Sunday, September 27, 2009

TAKING A VACATION FROM VACATIONING

We hadn’t been on a family vacation in years. With the summer rapidly coming to an end, we panicked and made reservations in Maui. Three families, including three small grand-children, all under one roof for eight days. What were we thinking?

A week before we left, we decided to make a test run to Disneyland. But the first amusement ride was a nightmare—the flight to Anaheim. The four year old serenaded passengers with the theme from “Ghostbusters” at the top of his lungs. The two year old wanted to go home. And the six-month-old baby played with the hair of the person in front of her.

We checked in at the Camelot Hotel across from Disneyland, then headed for the Magic Kingdom in our Mickey shirts, Mouse ears, and sunscreen. Passing by the hotel gift shop, the four year old decided he wanted ice cream and refused to take another step. His dad had to carry him kicking and screaming the rest of the way.

Our first stop was the Expensive Character Breakfast, where popular Disney icons walked around inadvertently scaring young children. The baby was pretty much oblivious to the Fairy Godmother, the two year old was terrified of Captain Hook, and the four year old ignored all of them, preferring to play games on his father’s iPhone.

Once breakfast was over, the two year old took off for Toon Town and the four year old ran to the Ghostbuster’s Ride (aka The Haunted Mansion), leaving the baby behind with me, “Grandnanny.” I treated myself to a two-dollar water while the baby filled her diaper.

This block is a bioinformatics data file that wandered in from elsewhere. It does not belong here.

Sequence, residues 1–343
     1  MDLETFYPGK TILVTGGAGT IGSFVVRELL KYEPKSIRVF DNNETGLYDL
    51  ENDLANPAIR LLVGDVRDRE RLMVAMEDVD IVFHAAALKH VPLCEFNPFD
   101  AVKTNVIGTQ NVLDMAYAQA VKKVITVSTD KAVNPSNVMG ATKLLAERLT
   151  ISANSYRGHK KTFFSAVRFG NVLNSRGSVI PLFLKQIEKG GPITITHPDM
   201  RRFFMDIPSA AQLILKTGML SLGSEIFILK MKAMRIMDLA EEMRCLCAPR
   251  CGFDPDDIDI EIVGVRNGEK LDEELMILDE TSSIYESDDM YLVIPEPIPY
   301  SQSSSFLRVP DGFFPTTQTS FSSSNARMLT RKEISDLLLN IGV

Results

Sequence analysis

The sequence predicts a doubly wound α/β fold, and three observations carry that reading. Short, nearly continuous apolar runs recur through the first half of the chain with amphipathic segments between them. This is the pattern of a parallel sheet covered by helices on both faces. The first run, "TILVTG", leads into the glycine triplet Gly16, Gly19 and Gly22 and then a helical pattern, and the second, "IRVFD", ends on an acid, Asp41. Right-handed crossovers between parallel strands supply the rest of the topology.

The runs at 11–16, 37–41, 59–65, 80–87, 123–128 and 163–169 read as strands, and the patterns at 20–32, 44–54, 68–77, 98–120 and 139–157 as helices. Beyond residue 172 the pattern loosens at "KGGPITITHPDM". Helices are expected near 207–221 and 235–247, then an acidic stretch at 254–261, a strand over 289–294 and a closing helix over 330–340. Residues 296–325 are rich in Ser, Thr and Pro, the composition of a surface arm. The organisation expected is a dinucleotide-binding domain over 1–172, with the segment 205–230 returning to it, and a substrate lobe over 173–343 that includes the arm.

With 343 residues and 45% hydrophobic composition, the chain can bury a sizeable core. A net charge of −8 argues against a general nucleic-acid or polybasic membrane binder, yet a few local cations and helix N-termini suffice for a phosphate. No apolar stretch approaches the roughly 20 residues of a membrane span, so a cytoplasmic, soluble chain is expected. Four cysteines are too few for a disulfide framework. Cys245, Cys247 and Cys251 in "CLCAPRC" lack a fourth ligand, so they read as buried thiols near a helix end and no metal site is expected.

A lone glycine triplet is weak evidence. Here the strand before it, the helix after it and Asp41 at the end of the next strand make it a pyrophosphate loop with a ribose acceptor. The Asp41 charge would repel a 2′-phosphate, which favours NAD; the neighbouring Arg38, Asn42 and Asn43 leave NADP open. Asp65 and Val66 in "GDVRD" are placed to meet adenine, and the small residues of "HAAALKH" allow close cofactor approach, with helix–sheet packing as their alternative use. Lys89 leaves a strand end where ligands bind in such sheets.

We ended the day at the Rainforest Café. I smiled at the long line, feeling smug about having made a reservation online and wouldn’t have to wait. I soon realized I’d made the reservation at the Rainforest Café in Orlando, Florida. It was an hour before they found a table for nine in the jungle-themed restaurant that was filled with waterfalls, monkeys, and air conditioning. Unfortunately a fake “storm” arrived, complete with lightning and thunder, scaring the crap out of grandkids who fled to the gift shop.

Finally it was bedtime, thank God. On the way back to the hotel the baby had another diaper blow out, the two year old threw up, and the four year old remembered he still wanted ice cream from the hotel gift shop. After the grandkids fell asleep, their parents headed out to watch the fireworks, while Grandnanny stayed in the room, keeping an ear out for the sleeping cherubs. At the first sound of the ear-splitting sonic booms, the grandkids woke up screaming.

The next day, we did it all over again. Rode more rides, bought more crap, ate more junk. On the return flight, the baby chewed on the safety card, the two year old used his seat for a trampoline, and the four year old sang “It’s a Small World After All” a bazillion times. By the time we reached home, I never wanted to see those people again.

Too late. A week later we’d be on a five-hour plane ride to Maui where we’d be staying in one small condo for a whole week.

What were we thinking?

1 Comments :

Anonymous Sandie said...

It seems that Granny Penny hasn't learned yet that kids love it when Granny takes the baby because then they can have fun! It's nice that you all can travel as a family. Er, um, I assume you're still a family. I can't begin to imagine the chaos you lived through. I'm so glad you made those reservations in Orlando because I think I'll use them!!

Sandie in hot Florida - I completely understand what a relief walking into a/c was for you at Disney.

October 3, 2009 at 10:55 AM  

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